Qamar Schuyler, Britta Denise Hardesty, TJ Lawson, Kimberley Opie, Chris Wilcox,
Marine Policy, 2018, ISSN 0308-597X,
Mismanaged waste and marine debris have significant detrimental effects on wildlife, public health, and the economy.
Container deposit legislation (CDL) is one of the many legislative actions proposed by lawmakers to curb the amount of debris entering the
ocean. Beverage containers are consistently among the most commonly littered items, so effective legislation could prove a significant lever
to reduce debris inputs to the marine environment.
The effectiveness of CDL at reducing the amount of beverage container litter on the coasts of two countries, Australia and the United States, was evaluated by comparing results of debris surveys in states with and without cash incentives for returned beverage containers. The proportion of containers found in coastal debris surveys in states with CDL was approximately 40% lower than in states without CDL.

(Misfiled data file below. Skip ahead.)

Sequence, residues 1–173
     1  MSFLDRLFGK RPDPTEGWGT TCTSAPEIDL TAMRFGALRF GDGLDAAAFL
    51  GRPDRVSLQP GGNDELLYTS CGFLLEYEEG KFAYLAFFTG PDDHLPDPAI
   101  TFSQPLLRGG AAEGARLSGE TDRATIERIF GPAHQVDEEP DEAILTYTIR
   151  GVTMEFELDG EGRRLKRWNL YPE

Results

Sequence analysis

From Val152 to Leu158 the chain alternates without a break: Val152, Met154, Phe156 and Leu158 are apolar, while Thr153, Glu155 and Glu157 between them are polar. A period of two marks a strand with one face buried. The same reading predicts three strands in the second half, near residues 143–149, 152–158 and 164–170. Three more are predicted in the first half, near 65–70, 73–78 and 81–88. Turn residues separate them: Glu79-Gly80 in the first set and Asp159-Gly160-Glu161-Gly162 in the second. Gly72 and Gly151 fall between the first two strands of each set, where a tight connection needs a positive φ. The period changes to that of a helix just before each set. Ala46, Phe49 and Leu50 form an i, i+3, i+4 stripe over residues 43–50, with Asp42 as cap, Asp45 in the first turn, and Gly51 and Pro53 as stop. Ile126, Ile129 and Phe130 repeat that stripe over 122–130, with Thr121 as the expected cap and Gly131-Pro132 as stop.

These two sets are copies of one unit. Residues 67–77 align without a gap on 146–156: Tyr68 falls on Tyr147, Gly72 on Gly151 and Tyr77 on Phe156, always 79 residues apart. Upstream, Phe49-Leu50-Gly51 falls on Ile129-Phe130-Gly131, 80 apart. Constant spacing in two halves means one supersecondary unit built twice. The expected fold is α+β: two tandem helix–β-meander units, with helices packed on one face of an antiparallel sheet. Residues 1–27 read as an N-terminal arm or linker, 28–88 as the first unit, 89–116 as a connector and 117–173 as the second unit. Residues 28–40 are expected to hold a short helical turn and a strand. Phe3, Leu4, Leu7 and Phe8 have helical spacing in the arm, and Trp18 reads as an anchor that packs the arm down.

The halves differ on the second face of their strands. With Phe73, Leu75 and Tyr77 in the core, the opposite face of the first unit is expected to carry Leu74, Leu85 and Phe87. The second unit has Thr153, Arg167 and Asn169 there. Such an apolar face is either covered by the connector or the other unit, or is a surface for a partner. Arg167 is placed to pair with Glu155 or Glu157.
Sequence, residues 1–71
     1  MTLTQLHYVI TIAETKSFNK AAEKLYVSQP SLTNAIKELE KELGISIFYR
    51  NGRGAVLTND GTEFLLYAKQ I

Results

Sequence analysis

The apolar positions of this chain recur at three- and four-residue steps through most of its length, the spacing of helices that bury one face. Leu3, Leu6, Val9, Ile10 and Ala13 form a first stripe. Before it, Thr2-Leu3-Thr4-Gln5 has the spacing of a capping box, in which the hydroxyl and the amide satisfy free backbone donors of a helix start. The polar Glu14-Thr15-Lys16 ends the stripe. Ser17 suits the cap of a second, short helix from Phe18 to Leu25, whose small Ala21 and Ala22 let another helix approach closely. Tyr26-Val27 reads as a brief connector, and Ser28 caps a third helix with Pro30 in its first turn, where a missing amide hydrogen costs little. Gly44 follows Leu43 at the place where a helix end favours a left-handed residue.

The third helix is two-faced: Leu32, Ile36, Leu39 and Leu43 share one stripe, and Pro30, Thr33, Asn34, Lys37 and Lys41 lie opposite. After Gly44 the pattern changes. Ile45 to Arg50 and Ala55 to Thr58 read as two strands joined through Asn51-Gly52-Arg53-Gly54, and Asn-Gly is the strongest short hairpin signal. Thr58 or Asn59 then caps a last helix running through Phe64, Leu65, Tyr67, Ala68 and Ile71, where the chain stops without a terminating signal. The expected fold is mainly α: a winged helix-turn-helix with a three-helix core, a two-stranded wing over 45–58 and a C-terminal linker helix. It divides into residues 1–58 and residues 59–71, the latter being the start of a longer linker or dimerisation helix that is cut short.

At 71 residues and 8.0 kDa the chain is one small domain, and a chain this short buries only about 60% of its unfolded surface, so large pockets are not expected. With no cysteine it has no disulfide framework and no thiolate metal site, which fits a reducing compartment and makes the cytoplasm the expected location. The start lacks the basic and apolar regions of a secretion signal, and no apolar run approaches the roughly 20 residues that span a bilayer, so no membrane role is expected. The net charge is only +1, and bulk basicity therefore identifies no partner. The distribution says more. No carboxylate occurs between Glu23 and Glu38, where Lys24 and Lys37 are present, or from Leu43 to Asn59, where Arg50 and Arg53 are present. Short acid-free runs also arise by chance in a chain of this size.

Additionally, CDL states had a higher ratio of lids to bottles, further demonstrating the effectiveness of the incentives in removing bottles from the waste stream. The reduction in beverage containers in the presence of CDL was greater in areas with low socio-economic status, where debris loads are highest.
These results provide strong evidence that fewer beverage containers end up as mismanaged coastal waste in states that provide a
cash refund for returned beverage containers. Findings are discussed in the context of global governance, social license and opportunities to
reduce land-based litter inputs to the ocean.